The mainstream media - especially TV news channels and the Defence and Home Ministry correspondents of national dailies - have become a force-multiplier for this narrow, self-serving propaganda of the State. Narrow, because it cannot lead to a proper diagnosis of the problem and, therefore, cannot provide any remedies. It is also self-serving, because it helps the political interests of the party in power by boosting its image as the sole defender of national interest. The frighteningly simplistic question every critic of the government gets asked is whether (s)he is with India or against India.
The changes that this emerging reality has brought about in Kashmir and its people are profound and worrying.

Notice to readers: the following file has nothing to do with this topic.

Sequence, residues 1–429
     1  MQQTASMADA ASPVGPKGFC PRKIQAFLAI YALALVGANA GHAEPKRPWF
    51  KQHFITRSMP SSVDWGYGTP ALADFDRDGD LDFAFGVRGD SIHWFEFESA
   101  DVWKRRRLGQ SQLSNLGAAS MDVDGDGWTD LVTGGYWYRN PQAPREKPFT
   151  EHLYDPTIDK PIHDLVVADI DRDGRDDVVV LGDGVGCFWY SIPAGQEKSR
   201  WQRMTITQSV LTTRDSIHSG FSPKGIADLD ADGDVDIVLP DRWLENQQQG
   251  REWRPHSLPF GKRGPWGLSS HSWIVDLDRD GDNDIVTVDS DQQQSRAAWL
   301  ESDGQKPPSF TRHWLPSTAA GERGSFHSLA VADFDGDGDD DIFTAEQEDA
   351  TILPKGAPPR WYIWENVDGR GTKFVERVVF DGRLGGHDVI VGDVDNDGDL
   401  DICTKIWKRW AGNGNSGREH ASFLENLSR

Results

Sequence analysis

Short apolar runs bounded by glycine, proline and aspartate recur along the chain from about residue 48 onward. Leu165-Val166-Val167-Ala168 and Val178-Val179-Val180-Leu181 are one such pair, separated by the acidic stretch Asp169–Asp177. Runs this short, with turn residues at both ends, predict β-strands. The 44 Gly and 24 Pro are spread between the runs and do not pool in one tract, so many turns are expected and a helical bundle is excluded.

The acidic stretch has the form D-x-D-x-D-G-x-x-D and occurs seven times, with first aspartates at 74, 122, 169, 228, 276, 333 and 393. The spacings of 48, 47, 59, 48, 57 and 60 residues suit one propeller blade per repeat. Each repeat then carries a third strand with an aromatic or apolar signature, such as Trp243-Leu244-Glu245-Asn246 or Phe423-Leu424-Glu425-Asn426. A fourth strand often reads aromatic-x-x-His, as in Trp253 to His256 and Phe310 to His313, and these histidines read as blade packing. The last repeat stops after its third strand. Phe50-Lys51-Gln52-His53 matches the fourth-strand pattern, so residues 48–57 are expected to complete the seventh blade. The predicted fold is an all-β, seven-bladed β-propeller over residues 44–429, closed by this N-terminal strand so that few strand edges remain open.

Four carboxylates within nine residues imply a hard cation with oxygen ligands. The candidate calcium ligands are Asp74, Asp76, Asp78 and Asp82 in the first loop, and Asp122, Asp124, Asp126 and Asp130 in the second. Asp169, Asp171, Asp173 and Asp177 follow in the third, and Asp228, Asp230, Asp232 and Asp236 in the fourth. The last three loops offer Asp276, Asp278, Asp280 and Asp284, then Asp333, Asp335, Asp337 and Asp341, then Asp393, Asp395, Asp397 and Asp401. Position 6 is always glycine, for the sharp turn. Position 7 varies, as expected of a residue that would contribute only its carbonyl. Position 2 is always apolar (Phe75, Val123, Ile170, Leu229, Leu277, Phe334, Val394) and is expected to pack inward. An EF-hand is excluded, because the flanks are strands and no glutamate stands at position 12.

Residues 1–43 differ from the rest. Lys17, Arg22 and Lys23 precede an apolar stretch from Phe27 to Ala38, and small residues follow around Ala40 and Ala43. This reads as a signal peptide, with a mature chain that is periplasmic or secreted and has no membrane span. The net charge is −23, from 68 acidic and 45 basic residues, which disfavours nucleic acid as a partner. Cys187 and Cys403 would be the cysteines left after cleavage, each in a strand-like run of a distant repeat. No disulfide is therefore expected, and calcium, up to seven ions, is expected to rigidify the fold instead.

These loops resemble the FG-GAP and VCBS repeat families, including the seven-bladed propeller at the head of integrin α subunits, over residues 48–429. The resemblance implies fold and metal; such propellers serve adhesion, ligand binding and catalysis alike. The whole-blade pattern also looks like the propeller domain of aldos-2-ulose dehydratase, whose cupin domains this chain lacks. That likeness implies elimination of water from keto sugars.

Today, there is unprecedented despair and desperation among the people. The Kashmiris think that they have fallen off the map, including amongst Indians, and that nobody cares for their fate.
When people in the rest of India showed little or no concern for the grief and hurt of Kashmiris, there was bound to be disillusionment and loss of faith in a tired political rhetoric that describes Kashmir as an integral part of India.
Kashmiris see such talk as nothing more than political posturing. One often hears them say that India is only interested in the land and not in the people of Kashmir. They believe that TV and the government in New Delhi have conditioned most Indians into seeing them through anti-Pakistan lenses.
When Atal Behari Vajpayee talked of 'insaniyat and jamhooriyat" (Humanity and Democracy), Kashmiris believed that he was sincere. This was also evident in the various initiatives taken by Vajpayee.
Today, people view Prime Minister Narendra Modi with skepticism when he repeats the same phrases.